Another Read Play?

Sweep trap

I was watching some cut-ups and came across a play that Colgate ran two years ago against Lafayette. I can’t know for sure if this was designed as a read play, but it made me think about the potential that it has as a read play.  In theory it would allow another hat on the edge on the sweep portion of the play, and it allows the quarterback to keep the ball inside running into a huge void if the linebacker flows to stop the sweep.  The tricky part would be the rules for the tight end who is leaving the defensive end alone and blocking the linebacker.  Theoretically, he would be blocking the backside linebacker as the frontside backer would be left as the player being read.  He would not necessarily need to get all the way back.  The frontside guard is pulling for the alley, and the backside guard is on a long trap course to the defensive end.  He would be aiming to kick him out.

Screen Shot 2014-01-28 at 2.28.53 PM

In the clip, the linebacker sits and the quarterback gives to the receiver in motion on the sweep.

sweep trap

If the linebacker flowed on sweep, he would keep and come off the down block of the tackle on the 3 technique.

Screen Shot 2014-01-28 at 2.42.25 PM

Another way to block this sweep/trap read play would be to block down on the end with the TE, block to the BSLB with the tackle, and trap the 3 tech.  It might clean up any confusion as to who the TE would be blocking.  However, the path would be tighter for the quarterback, and the decision would have to be made quicker.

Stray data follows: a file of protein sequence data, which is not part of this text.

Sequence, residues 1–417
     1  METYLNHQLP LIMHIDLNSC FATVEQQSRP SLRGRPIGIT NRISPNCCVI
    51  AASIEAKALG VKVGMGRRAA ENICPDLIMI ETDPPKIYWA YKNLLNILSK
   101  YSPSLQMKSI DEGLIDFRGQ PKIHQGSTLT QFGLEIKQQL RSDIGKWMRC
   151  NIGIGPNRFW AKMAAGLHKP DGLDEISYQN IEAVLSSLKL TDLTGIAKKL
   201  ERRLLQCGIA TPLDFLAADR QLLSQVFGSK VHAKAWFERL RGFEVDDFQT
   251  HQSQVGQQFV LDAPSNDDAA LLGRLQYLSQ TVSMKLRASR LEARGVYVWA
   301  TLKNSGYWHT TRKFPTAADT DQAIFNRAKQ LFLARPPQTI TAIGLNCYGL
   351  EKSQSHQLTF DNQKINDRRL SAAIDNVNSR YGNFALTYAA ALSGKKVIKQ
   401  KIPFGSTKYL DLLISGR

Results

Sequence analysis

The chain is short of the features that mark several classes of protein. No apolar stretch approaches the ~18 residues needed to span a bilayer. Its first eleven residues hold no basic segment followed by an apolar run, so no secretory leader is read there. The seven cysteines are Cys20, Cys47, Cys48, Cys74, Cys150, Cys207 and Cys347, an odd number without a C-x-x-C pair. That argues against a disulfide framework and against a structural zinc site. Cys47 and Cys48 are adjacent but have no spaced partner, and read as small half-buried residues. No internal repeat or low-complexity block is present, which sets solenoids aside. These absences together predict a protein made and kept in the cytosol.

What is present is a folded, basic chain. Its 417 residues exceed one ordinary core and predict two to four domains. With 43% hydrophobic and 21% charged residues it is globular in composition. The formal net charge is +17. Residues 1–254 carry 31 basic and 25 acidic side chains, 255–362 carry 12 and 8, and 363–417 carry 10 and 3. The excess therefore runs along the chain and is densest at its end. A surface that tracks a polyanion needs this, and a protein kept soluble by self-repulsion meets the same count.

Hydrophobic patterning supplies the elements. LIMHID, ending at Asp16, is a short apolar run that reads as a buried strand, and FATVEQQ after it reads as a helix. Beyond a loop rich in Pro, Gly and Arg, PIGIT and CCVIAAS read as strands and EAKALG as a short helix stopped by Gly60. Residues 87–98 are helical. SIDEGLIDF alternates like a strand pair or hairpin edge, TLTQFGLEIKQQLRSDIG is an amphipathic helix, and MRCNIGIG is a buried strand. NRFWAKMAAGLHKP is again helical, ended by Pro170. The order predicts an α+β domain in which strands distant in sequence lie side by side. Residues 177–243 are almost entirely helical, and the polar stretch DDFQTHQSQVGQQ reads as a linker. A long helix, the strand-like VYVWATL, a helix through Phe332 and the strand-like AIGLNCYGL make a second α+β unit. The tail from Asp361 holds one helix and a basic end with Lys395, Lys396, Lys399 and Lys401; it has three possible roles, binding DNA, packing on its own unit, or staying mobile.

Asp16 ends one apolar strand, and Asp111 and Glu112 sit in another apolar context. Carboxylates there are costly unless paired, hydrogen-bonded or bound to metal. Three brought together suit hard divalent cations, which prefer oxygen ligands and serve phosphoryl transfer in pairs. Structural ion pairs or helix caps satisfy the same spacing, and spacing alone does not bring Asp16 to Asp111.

If the objective is to get a hat on a hat on the edge, and change up the Power Read fits for the defense, then this may have some potential as a constraint play.  Colgate only ran it one time in the game, so it may have been exactly that for them as well.


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5 thoughts on “Another Read Play?

  1. Strangely enough, we ran this read a little bit, but I never felt that we could rep it enough to get good at it.

    We called it “8 zone MOFO” (outside zone right, the tag meaning “Mike Oughta Fly Out) for the read.

  2. To me it seems like a broken bucksweep, where the TE misses the downblock on the DEnd, because he is slanting inside. the BS-G just cleans up the DEnd on his way to the outside = “pick up any trash”/”no other jersey crosses your face”.

    if you’d do it, like described, the DEnd could get upfield and make a TFL on the sweeper with the BS-G never getting to him on the long trap.

    if you want to run a sweep, how do you get to the idea to block the PS-DEnd (the most dangerous man for the sweep) with your BS-Guard?
    there are only two reasons i can imagine, why you wouldn’t want to block the DEnd with a playside-blocker: either you read him or you’re assuming that the DEnd is not honoring the sweep. but if you assume he will not be a factor for the sweeper, why would you not want your TE to block the mike and just run the sweep (like it is shown in the video). he has a great angle on the mike (if he aligns anywhere in the box). let the BS-G pull (more like a power-pull/skip-pull) up to the Will, if you want a second puller.

  3. if this is run as a constraint versus scrape-exchange/gap-exchange it is not very sound, because if the DE doesn’t slant inside the BS-Guards trap will never get to him before the DEnd can get to the sweeper and make a TFL.

    • Colgate actually reads both the DE and LB for the power/ sweep read. If either one widens the QB keeps the Ball. The difficult coaching part of this is the OG pull – trap 1st – LB 2nd.

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